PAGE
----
A coding scheme is presented for classifying physical activity by rate of energy expenditure, i.e., by intensity. Energy cost was established by a review of published and unpublished data. This coding scheme employs five digits that classify activity by purpose (i.e., sports, occupation, self-care), the specific type of activity, and its intensity as the ratio of work metabolic rate to resting metabolic rate (METs). Energy expenditure in kilocalories or kilocalories per kilogram body weight can be estimated for all activities, specific activities, or activity types. General use of this coding system would enhance the comparability of results across studies using self reports of physical activity.
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              Acute exercise and oxidative stress: a 30 year history

              The topic of exercise-induced oxidative stress has received considerable attention in recent years, with close to 300 original investigations published since the early work of Dillard and colleagues in 1978. Single bouts of aerobic and anaerobic exercise can induce an acute state of oxidative stress. This is indicated by an increased presence of oxidized molecules in a variety of tissues. Exercise mode, intensity, and duration, as well as the subject population tested, all can impact the extent of oxidation. Moreover, the use of antioxidant supplements can impact the findings. Although a single bout of exercise often leads to an acute oxidative stress, in accordance with the principle of hormesis, such an increase appears necessary to allow for an up-regulation in endogenous antioxidant defenses. This review presents a comprehensive summary of original investigations focused on exercise-induced oxidative stress. This should provide the reader with a well-documented account of the research done within this area of science over the past 30 years.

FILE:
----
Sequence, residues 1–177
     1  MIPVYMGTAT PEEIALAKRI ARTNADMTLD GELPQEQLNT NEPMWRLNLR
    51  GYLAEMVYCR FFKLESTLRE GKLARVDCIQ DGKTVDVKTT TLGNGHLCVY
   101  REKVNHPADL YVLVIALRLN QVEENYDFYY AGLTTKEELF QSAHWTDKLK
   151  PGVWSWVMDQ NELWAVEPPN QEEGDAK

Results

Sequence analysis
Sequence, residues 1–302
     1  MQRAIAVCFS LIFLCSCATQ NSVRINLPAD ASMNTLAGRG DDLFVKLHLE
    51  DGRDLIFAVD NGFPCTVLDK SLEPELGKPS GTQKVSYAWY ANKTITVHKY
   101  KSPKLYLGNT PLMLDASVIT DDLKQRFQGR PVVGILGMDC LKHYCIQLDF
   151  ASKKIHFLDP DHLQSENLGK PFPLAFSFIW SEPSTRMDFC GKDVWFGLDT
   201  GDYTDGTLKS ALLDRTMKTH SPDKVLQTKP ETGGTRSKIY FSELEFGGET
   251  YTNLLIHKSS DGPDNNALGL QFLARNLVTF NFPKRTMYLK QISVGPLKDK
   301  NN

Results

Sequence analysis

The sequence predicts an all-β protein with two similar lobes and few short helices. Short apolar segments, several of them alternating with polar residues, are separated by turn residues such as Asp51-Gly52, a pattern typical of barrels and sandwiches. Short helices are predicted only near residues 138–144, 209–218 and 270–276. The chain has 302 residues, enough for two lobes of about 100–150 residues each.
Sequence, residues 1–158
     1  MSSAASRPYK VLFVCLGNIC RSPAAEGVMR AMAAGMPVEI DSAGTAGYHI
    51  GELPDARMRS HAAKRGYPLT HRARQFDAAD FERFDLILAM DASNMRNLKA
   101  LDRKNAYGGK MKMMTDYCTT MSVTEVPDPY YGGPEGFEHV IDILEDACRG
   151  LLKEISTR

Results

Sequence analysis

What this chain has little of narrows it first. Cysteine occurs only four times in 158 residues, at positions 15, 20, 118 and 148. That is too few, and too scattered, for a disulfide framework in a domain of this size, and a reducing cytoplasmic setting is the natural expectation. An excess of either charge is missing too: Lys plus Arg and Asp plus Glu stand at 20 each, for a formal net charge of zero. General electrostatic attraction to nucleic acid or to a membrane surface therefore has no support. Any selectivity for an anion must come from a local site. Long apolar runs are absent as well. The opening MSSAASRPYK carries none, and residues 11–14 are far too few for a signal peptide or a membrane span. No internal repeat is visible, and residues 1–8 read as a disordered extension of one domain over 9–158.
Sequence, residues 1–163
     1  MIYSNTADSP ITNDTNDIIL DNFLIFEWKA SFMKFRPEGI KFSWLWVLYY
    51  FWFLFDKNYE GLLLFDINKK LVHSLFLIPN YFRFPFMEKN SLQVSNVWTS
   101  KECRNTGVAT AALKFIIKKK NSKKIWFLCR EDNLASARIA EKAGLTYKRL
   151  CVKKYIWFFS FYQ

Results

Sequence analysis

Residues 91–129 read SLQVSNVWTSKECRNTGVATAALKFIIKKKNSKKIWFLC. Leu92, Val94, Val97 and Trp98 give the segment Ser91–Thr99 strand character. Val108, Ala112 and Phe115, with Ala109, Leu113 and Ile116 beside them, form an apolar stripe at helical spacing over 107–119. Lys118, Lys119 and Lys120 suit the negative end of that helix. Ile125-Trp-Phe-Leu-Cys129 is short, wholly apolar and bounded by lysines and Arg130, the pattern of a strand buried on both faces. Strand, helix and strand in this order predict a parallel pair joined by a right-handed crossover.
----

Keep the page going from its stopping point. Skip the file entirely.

Author and article information

                Asian J Sports Med
                Asian J Sports Med
                Asian Journal of Sports Medicine
                31 May 2016
                June 2016
                : 7
                : 2
                [1 ]Department of Physical Education and Sport Science, Mohaghegh Ardabili University, Ardabil, IR Iran
                [2 ]Department of Immunology, Faculty of Medicine, Tabriz University of Medical Sciences, Tabriz, IR Iran
                [3 ]Immunology Research Center, Tabriz University of Medical Sciences, Tabriz, IR Iran
                Author notes
                [* ]Corresponding author: Behrouz Baghaiee, Department of Physical Education and Sport Science, Mohaghegh Ardabili University, Ardabil, IR Iran. Tel: +98-4533512085, Fax: +98-4533512081, E-mail: behrouz_phsport@ 123456yahoo.com
                Copyright © 2016, Sports Medicine Research Center

                This is an open-access article distributed under the terms of the Creative Commons Attribution-NonCommercial 4.0 International License ( http://creativecommons.org/licenses/by-nc/4.0/) which permits copy and redistribute the material just in noncommercial usages, provided the original work is properly cited.

                Research Article

                Sports medicine

                antioxidant enzyme, free radicals, exercise